ISTANBUL (TURKEY) – A container ship, MV Mozart, in the Gulf of Guinea was attacked violently and 15 sailors in it were kidnapped by Pirates off Nigeria’s coast.
According to government reports, one sailor, an Azerbaijani citizen, was killed in the raid, while those kidnapped are from Turkey.
According to accounts from crew, family members and security, the attack was described as a sophisticated and well-orchestrated attack on Saturday. The armed pirates boarded the ship and breached its protective citadel, possibly with explosives, according to sources.
Three sailors remain on the Mozart, which by Sunday evening was receiving assistance in Gabonese waters off central Africa.
“The ship is in our waters and our sailors are assisting a few nautical miles from Port Gentil,” said Gabon’s presidency spokesman Jessye Ella Ekogha, without providing further detail.
The Liberian-flagged vessel was headed to Cape Town from Lagos when it was attacked 160 kilometres (100 miles) off Sao Tome island on Saturday, maritime reports showed.
Turkish President Tayyip Erdogan’s office said on Sunday that he spoke twice by phone with the ship’s fourth captain, Furkan Yaren, who remained aboard after the attack. They also said he was orchestrating officials in the “rescue of kidnapped ship personnel”.
According to State-run news agency, Yaren had been “cruising blindly” toward Gabon with damage to the ship’s controls and only the radar working. The pirates beat crew members, and left him with an injured leg while another still aboard the ship had shrapnel wounds, he said.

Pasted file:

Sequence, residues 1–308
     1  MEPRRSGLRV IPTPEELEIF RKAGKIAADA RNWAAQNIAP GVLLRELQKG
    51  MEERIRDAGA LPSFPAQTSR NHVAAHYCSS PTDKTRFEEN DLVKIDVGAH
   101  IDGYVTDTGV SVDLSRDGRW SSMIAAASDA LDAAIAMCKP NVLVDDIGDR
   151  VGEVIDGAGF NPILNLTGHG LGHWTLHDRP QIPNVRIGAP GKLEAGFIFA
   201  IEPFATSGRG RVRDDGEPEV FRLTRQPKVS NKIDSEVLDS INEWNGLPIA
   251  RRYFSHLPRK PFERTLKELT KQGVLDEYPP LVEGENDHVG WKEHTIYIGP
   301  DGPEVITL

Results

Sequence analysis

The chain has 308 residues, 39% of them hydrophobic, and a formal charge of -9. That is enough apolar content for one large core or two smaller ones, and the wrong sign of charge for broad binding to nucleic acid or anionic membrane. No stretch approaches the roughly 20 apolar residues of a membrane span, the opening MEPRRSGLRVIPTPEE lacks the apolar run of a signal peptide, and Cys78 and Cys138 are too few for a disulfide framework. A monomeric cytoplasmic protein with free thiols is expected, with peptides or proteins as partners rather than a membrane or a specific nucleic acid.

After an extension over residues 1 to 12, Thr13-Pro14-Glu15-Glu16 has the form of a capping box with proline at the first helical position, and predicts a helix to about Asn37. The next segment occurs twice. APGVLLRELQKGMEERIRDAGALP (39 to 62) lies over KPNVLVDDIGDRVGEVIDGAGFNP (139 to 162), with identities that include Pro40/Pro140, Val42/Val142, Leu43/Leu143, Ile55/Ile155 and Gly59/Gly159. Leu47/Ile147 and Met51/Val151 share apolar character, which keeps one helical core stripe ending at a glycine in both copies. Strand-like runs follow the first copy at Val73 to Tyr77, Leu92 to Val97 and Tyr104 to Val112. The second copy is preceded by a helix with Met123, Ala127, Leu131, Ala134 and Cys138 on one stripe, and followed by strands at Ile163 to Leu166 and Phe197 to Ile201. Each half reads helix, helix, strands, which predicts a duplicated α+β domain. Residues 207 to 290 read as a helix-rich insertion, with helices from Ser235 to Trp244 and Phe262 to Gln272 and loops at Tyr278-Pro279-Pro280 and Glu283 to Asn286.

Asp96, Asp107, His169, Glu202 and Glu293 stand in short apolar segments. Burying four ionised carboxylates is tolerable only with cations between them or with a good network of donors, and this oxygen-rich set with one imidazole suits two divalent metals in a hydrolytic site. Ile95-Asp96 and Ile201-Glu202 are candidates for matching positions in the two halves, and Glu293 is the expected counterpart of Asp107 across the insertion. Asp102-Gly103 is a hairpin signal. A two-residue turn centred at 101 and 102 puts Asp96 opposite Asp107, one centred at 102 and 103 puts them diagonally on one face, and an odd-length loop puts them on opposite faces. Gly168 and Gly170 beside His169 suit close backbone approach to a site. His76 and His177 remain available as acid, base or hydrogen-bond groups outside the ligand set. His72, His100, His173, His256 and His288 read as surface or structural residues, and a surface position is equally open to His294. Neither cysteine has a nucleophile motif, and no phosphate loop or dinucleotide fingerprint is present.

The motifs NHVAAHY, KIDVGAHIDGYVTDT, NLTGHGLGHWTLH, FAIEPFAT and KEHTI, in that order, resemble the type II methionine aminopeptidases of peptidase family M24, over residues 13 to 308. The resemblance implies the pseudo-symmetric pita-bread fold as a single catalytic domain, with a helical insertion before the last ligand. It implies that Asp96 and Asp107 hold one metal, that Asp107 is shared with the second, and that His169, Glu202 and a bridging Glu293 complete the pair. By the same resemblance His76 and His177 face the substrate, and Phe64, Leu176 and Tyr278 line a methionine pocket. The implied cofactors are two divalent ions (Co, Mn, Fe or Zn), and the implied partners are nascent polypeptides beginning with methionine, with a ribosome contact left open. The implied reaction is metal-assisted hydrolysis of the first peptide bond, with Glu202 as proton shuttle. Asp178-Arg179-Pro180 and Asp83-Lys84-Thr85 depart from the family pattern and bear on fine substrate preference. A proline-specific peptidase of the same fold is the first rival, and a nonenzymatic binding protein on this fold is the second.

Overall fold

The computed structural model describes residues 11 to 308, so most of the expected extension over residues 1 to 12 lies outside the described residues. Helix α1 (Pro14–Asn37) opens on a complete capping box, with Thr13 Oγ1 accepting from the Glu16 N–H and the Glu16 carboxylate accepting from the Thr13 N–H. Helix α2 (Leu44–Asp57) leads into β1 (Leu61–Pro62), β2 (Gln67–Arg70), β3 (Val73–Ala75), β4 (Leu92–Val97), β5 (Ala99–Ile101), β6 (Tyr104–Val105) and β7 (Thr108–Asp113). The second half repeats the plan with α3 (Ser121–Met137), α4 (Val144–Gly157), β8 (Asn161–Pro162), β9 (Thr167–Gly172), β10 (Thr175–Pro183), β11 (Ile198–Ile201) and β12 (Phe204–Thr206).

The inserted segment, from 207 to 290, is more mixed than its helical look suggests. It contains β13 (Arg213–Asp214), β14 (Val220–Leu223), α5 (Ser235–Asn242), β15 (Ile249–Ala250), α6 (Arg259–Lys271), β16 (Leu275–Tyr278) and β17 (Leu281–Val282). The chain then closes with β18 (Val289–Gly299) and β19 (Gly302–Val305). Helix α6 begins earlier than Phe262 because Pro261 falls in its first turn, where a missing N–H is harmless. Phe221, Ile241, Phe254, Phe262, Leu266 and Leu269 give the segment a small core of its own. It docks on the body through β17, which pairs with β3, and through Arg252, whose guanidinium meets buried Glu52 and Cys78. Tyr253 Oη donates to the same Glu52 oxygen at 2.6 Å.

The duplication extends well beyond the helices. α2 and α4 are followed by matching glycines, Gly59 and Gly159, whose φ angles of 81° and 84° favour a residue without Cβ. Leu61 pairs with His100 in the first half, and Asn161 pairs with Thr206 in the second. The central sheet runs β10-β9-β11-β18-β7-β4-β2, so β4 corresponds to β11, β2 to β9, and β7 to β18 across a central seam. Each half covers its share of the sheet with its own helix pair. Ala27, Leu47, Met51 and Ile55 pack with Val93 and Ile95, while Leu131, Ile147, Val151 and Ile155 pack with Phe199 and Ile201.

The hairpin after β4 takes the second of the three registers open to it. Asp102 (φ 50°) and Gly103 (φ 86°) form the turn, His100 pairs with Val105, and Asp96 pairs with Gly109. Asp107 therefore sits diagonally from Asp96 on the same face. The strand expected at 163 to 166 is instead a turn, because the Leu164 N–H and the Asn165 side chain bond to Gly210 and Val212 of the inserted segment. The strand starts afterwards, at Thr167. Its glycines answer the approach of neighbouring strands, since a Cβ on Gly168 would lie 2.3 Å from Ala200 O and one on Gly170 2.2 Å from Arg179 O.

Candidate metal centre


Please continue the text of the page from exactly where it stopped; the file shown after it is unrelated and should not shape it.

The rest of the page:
Turkish media cited Istanbul-based ship owner Boden company which said the owners and operators of the vessel were abducted at gunpoint.
Ambrey, a security company, said four armed men boarded the Mozart and entered the citadel – where crew are advised to hide in any attack – from a deck atop the cabin.
Edward Yeibo, a Nigerian Navy commander, said he was not aware of the attack and seeking details.
With this attack Nigeria could face mounting international pressure to do more to protect shippers.
“The fact that someone died, the number of people taken and the apparent use of explosives to breach the ship’s citadel means it is a potential game-changer,” said David Johnson, CEO of the UK-based EOS Risk Group.
“It’s clearly quite sophisticated and if pirates have decided to use munitions it’s a big move,” he said. There is “no doubt” those kidnapped will be taken back to Nigeria’s Delta and Turkey will have little hope stopping it, he added.
Turkey’s foreign ministry said the pirates had not made any contact with Ankara.
Pirates in the Gulf, which borders more than a dozen countries, kidnapped 130 sailors in 22 incidents last year, accounting for all but five of those seized worldwide according to an International Maritime Bureau report.
Seyit Kaya, brother of the ship’s kidnapped 42-year-old captain Mustafa Kaya, a father of two, said in an interview he awaited details from the ship’s owner on any possible ransom.
“Since that area is where many attacks take place, they take cautions against pirates,” said Kaya, who is also a sailor.